What happens if a party to a contract for sale of property dies before completion?
Written by: James Hatzopoulos, Jade Tsang & SSB
If a party to a contract for the sale of property dies during the period after exchange and prior to completion
If a party to a contract for the sale of property dies during the period after exchange and prior to completion, the contract remains enforceable subject to any special conditions dealing with the death of a party. If the Vendor dies, the ownership of the property will determine how the property will be transferred to a person with authority to complete the contract should the Purchaser wish to proceed to completion.
It is common for a special condition to be inserted into the contract to allow for either party to rescind the contract should the other party die prior to completion of the contract. Upon the death of a party, the other party should be promptly notified of the death for that party to consider whether the contract is to continue.
In the circumstances where the Vendor dies prior to completion, the ownership of the property will determine who is legally authorised to perform the contract. The title search annexed to the contract will disclose the registered proprietor(s) of the property and if more than one registered proprietor, it will note the ownership as joint tenants or tenants in common.
Where the registered proprietors are joint tenants, the right of survivorship automatically transfers ownership from the deceased joint tenant to the surviving joint tenant. Practically, this requires a Notice of Death to be lodged with Land Registry Services in their State or Territory for the transfer of ownership. Details of the evidence of death will need to be provided and this is commonly found on the death certificate. A death certificate may be issued a few weeks after death.
Tenants in Common or Sole Owner
Where the registered proprietors are tenants in common or there is only one registered proprietor on the title, the deceased’s share of the property will be dealt with as an asset of the deceased estate in accordance with the terms of his or her Will. The Executor(s) named in the Will of the deceased owner will need to make an application for Probate in the Supreme Court in their State or Territory. Probate is required to lodge a Transmission Application with Land Registry Services in their State or Territory for the deceased’s share in the property to be transmitted to the Executors of the Estate in order for completion of the sale.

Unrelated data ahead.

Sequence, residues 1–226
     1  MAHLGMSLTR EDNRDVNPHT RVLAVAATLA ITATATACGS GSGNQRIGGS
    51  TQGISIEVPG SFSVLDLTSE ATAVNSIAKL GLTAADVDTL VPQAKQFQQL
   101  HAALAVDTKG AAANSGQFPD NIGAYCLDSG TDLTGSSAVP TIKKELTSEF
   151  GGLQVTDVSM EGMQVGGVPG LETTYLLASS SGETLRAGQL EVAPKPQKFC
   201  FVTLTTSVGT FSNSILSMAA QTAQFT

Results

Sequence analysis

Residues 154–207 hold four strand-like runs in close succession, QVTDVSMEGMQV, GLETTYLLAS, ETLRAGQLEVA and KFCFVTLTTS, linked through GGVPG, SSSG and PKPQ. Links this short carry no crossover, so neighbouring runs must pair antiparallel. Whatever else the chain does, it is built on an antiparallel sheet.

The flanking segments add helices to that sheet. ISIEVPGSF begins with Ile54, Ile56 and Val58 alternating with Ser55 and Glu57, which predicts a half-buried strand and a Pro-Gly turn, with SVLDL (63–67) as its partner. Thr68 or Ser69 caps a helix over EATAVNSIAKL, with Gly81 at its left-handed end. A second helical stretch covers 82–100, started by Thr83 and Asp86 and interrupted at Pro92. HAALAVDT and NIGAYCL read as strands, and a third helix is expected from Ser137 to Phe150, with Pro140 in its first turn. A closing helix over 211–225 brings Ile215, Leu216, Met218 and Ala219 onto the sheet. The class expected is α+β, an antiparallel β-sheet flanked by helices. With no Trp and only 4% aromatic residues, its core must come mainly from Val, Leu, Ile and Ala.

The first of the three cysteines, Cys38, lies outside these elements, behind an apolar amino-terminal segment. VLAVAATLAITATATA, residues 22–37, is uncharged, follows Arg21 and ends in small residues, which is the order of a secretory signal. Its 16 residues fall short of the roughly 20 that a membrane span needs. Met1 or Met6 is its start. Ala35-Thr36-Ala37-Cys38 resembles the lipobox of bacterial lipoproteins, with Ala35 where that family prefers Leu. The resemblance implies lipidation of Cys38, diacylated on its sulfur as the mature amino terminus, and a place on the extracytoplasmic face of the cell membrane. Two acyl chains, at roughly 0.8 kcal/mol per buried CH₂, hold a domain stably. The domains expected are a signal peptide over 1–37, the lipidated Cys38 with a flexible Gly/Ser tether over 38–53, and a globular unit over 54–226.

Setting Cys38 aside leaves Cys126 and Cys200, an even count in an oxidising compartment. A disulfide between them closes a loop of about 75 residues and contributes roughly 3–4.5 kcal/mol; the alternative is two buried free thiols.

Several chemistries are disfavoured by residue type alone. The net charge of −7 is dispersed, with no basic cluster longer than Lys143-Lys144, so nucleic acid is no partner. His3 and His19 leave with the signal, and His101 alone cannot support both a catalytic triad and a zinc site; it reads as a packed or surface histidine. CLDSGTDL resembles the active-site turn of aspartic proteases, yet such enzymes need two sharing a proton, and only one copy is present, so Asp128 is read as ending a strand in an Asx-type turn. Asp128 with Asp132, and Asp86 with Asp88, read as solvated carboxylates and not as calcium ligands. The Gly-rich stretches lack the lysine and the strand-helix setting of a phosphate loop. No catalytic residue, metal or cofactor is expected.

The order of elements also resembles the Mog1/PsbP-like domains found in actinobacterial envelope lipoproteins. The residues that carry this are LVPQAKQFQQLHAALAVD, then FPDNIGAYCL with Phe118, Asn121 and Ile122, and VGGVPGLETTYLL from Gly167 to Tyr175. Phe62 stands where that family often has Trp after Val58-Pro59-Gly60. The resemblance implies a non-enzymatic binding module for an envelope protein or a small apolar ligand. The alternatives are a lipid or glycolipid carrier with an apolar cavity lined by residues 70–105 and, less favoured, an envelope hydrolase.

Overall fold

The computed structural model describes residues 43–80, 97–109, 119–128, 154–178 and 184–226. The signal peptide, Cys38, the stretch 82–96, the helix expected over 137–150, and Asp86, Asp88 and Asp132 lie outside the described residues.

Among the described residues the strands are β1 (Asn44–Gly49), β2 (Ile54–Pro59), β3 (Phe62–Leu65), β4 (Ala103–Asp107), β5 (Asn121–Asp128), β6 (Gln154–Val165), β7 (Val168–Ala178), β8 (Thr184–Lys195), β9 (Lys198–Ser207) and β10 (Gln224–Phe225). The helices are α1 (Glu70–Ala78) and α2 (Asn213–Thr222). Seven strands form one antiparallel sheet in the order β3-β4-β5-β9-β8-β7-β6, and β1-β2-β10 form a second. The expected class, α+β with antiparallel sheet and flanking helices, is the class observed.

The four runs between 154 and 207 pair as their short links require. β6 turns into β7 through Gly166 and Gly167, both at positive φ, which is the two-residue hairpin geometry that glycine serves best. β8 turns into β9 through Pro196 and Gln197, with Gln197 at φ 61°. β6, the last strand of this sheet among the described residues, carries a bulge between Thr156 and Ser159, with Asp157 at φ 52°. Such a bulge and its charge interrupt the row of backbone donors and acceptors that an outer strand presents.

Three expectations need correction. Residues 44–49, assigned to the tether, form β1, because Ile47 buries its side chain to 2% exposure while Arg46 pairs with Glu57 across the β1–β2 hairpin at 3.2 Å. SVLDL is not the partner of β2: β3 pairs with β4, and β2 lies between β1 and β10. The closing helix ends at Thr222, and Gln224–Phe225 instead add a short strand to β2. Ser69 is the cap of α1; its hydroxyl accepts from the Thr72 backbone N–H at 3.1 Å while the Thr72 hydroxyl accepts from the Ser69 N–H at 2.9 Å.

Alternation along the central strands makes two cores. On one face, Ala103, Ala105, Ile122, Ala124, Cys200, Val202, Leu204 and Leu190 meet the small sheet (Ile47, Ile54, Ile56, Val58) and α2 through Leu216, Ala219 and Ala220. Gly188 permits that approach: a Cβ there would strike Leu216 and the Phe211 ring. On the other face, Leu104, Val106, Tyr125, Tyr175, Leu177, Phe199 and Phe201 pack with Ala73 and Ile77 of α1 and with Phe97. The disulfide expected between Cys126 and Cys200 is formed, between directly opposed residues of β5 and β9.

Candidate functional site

If the deceased owner died intestate (meaning without a Will), an application will need to be made for Letters of Administration in the Supreme Court in their State or Territory by an eligible person pursuant to the Succession Act. This is commonly the spouse of the deceased owner.
Purchasers should be aware that it may take months to prepare for the application for Probate or Letters of Administration and the issuance of the grant by the Supreme Court in their State or Territory when dealing with a deceased Vendor. This may affect loan approvals and payment of stamp duty time frames.
Purchasers need to be aware of this right to rescind upon the death of the Vendor particularly on contracts with a long settlement period or option agreements. Development applications and planning items may all be lost if the Vendor’s successor decides to rescind the contract and then sell at a higher price.
The published article is intended as general information only and is not legal advice on any subject matter. By viewing the article, the reader understands there is no solicitor-client relationship between the reader and the authors. The article should not be used as a substitute for legal advice from a legal practitioner, and readers are urged to consult their solicitor on any legal queries concerning a specific situation.
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